Tue. Sep 27th, 2022

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Film Review – Still Alice

3 min read

This film should first and foremost come with a disclaimer, you will cry. There is no doubt in my mind that even the hardest of hearts will shed a tear at co-directors Wash Westmoreland and Richard Glatzer (who suffers from the degenerative illness ALS) adaption of Still Alice, based on the novel of the same name. It shines a light on something that affects a lot of people across the world, and it is an incredible study of the human condition, warts and all.

Dr Alice Howland (Julianne Moore) is an acclaimed linguistics professor happily married to fellow doctor John (Alec Baldwin). Together they have the perfect set up with their three adult children, lawyer Anna (Kate Bosworth), soon to be doctor Tom (Hunter Parrish), and the nomadic wannabe actress Lydia (Kristen Stewart). But things take a turn for the worse when Alice starts to forget even the simplest of words, concerning considering her chosen profession. Devastatingly Alice is diagnosed with early onset Alzheimer’s disease, a heredity condition passed on from her father and which she may possibly pass on to her children. Shocked by this turn of events, Alice and her family struggle with the magnitude of the disease and the rapid decline of Alice’s mental and emotional state, each coping with it in their own way, albeit some better than others.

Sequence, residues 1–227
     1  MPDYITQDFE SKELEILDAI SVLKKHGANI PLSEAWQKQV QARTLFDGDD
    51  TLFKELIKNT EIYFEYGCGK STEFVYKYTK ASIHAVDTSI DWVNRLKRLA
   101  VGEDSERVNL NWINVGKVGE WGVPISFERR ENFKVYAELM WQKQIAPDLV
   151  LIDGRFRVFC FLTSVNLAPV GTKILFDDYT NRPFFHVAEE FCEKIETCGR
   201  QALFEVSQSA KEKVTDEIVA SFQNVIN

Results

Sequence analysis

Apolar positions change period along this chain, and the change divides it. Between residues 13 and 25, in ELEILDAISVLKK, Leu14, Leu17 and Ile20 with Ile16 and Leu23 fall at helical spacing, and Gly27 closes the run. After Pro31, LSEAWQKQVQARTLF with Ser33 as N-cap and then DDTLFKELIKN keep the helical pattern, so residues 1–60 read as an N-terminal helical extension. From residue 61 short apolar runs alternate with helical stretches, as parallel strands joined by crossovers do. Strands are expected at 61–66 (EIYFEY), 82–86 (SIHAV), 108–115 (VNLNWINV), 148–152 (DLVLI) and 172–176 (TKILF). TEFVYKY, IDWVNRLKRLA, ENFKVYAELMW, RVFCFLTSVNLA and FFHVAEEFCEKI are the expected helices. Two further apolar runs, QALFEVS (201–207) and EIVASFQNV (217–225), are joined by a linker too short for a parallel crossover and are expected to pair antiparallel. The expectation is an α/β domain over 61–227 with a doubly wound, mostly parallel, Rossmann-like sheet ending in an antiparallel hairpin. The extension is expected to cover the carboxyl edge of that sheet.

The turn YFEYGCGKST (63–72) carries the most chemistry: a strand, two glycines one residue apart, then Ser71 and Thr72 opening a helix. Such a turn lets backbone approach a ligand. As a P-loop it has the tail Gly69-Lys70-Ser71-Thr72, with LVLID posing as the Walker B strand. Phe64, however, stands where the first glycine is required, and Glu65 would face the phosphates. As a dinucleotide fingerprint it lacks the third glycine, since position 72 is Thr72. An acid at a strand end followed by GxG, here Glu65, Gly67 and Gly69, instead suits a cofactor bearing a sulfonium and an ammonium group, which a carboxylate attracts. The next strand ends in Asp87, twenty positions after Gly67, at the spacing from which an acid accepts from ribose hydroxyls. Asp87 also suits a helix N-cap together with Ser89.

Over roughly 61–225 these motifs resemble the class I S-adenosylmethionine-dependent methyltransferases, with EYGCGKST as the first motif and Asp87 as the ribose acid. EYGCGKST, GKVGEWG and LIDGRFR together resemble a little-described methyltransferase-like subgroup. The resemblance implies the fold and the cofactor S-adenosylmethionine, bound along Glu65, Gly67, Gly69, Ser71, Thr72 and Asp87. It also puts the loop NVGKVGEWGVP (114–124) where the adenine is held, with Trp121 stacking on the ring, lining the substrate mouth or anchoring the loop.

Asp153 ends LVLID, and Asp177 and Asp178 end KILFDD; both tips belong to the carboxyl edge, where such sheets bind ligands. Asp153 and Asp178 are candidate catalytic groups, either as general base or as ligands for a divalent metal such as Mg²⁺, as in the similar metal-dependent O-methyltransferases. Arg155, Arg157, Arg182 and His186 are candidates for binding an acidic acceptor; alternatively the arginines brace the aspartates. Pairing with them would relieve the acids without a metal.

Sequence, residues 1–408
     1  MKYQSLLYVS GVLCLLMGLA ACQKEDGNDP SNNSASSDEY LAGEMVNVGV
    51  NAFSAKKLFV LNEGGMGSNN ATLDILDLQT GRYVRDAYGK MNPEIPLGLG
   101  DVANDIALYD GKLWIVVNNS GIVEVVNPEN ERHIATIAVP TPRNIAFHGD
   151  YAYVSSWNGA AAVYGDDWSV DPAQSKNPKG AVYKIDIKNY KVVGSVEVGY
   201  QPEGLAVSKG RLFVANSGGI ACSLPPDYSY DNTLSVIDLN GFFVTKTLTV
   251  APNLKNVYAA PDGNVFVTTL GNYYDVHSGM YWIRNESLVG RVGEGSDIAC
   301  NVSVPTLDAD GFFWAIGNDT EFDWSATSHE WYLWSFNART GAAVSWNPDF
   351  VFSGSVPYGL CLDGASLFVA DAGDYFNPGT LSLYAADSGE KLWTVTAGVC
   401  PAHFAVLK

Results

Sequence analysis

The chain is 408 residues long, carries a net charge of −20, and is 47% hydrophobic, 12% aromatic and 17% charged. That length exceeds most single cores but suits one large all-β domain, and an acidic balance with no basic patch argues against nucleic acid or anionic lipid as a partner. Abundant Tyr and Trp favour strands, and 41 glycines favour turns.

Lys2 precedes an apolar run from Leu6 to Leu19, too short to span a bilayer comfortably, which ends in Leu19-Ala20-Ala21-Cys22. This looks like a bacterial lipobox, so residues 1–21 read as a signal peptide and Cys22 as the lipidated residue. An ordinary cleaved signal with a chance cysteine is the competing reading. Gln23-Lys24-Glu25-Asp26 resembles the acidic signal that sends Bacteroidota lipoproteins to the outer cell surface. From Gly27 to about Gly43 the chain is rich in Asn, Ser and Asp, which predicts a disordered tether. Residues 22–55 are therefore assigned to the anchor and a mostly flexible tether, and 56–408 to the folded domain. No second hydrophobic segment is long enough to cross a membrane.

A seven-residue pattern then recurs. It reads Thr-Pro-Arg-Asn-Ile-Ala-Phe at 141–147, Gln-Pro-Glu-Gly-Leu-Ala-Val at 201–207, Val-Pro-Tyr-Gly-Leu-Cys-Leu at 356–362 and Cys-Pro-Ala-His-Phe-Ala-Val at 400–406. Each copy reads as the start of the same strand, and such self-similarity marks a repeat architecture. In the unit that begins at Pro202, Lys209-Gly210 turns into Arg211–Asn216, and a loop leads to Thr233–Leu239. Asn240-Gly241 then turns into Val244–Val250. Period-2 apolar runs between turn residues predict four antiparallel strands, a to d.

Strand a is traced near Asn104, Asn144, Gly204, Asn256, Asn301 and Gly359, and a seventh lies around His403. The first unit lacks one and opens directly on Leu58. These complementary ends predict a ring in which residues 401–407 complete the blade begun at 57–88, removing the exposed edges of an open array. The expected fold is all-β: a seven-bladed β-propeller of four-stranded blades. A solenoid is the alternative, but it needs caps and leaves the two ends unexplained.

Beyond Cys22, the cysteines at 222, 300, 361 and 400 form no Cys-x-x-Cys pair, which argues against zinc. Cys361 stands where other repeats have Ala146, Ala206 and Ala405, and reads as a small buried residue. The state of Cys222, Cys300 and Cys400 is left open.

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Somebody please give Julianne Moore an Oscar! She is just simply phenomenal as the lead character, and her approach is just so effortless, so shattering that you feel as though she is legitimately suffering from Alzheimer’s disease and all you want to do is give her a big ole hug. There is one particular moment in the film that is heart breaking in its accuracy that before you know it you’ve been struck down by the water works and it’s all downhill from there (perhaps this might just be me, but I’m assured it isn’t). An unexpected surprise was the perpetually unsmiling Stewart, whose turn as the youngest ‘wild child’ was nothing short of brilliant. The scenes shared with on screen mother Moore were enduringly realistic, and the little nuances (yes, she does have them!) Stewart brought to the table was a great counterpart to Moore’s increasingly disorientated character.

No one knows suffering more than someone that is living it, day in day out. Glatzer, although diagnosed with a different disease to that of his lead, has co-penned a fantastic script that’s natural and crushing progression is mainly successful because of his brutal honesty and experience. Some films with similar plots tend to head straight to cheese-ville, power ballads and all, but Still Alice encompasses all that comes with a degenerative disease and plonks it right in front of us for our viewing dis/pleasure. This is a testament to Glatzer and Westmoreland’s no holds barred writing approach, keeping all the highs and lows and presenting it in such a fashion that the familial obligation you feel to an on screen persona is wonderfully human.

Gut-wrenchingly accurate, Still Alice is probably not going to make a lot of money at the box office. And hey, that’s ok. Because this is clearly a film with a strong message, one which hits you to your core with surprising strength. Be prepared, because no film this year has needed as many tissues as this one, nor has perfected the art of the ‘simple is best’ style of filmmaking.

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